Every now and then, some major news organization does a story about the horrors of "bacha bazi (boy play)" while trying to cover the cultural minefield that is semi-modern Afghanistan. The New York Times is the latest, with a major A1 report with a shocking new angle, which ran under the headline "U.S. Soldiers Told to Ignore Sexual Abuse of Boys by Afghan Allies."
Journalists covering this story face one major problem of logic and language, one that we have written about in the past here at GetReligion. Since Afghanistan is governed by sharia law, which forbids sodomy and sex before marriage, how do news organizations explain this Muslim culture's long history of men forcing boys into sexual slavery?
This question has been especially important in the recent history of this war-torn land because bacha bazi activity among Afghan leaders played a major role in the rise of the morally and doctrinally strict Taliban.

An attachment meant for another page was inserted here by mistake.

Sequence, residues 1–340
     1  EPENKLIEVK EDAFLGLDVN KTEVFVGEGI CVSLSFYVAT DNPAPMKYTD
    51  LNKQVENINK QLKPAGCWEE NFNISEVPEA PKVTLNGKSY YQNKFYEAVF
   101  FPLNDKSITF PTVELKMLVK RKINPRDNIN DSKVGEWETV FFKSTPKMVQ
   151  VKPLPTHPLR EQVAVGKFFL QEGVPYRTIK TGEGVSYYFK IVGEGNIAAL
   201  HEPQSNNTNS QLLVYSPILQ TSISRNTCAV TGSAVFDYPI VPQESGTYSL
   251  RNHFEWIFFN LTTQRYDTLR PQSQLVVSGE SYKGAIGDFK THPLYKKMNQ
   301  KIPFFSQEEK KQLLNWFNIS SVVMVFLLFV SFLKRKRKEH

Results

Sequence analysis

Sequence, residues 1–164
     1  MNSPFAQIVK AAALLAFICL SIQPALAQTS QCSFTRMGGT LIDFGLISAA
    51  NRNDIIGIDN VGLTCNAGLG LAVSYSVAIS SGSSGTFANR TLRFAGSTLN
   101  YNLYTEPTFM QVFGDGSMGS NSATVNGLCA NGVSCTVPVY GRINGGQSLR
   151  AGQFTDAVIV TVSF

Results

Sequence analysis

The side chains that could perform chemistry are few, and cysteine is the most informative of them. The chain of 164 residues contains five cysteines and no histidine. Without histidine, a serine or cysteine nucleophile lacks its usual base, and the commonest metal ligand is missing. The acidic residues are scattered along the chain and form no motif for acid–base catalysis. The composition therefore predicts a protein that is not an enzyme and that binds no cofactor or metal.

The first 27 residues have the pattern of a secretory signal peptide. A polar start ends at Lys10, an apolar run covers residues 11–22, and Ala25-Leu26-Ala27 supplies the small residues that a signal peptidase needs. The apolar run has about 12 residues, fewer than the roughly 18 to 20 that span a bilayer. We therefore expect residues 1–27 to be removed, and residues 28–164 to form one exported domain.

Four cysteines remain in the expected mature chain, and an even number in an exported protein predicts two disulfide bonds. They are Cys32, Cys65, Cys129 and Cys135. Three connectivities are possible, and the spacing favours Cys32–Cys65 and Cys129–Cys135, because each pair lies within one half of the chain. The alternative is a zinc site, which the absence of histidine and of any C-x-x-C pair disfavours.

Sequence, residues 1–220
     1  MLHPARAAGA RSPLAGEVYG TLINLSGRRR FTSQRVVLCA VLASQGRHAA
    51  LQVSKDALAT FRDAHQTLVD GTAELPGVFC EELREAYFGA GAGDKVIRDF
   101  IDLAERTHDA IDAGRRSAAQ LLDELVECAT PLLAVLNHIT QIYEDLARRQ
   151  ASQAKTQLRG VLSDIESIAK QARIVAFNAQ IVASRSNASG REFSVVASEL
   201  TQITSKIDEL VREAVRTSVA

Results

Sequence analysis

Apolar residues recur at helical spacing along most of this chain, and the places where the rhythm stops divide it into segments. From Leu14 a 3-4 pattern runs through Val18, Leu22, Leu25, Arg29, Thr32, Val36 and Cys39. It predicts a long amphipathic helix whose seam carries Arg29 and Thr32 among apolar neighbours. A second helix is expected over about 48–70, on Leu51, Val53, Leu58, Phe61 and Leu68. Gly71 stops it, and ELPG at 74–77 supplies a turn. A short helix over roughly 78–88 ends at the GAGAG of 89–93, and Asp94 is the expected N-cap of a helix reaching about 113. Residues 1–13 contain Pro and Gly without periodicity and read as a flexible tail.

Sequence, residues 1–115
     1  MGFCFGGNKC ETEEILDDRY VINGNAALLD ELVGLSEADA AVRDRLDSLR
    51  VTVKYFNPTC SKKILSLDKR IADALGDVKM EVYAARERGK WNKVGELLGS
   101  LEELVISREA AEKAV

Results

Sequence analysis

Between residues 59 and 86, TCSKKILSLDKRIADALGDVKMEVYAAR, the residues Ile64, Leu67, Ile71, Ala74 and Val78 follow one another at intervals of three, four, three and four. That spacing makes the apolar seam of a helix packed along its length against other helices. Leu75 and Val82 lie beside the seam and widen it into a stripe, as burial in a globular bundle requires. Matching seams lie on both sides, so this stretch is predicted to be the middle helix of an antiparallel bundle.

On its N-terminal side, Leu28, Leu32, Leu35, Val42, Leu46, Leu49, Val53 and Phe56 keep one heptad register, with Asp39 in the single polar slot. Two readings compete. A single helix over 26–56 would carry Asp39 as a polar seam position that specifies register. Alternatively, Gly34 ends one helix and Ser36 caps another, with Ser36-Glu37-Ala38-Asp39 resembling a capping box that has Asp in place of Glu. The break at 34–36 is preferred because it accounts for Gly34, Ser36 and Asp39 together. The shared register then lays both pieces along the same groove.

This Times piece had major news to report and it delivered the goods in unforgettable fashion. However, this piece also took a novel approach to the crucial question of the moral status of bacha bazi under Islamic law and traditions -- it ignored it completely.
First, here is the heart of this stunning story:
Rampant sexual abuse of children has long been a problem in Afghanistan, particularly among armed commanders who dominate much of the rural landscape and can bully the population. The practice is called bacha bazi, literally “boy play,” and American soldiers and Marines have been instructed not to intervene -- in some cases, not even when their Afghan allies have abused boys on military bases, according to interviews and court records.
The policy has endured as American forces have recruited and organized Afghan militias to help hold territory against the Taliban.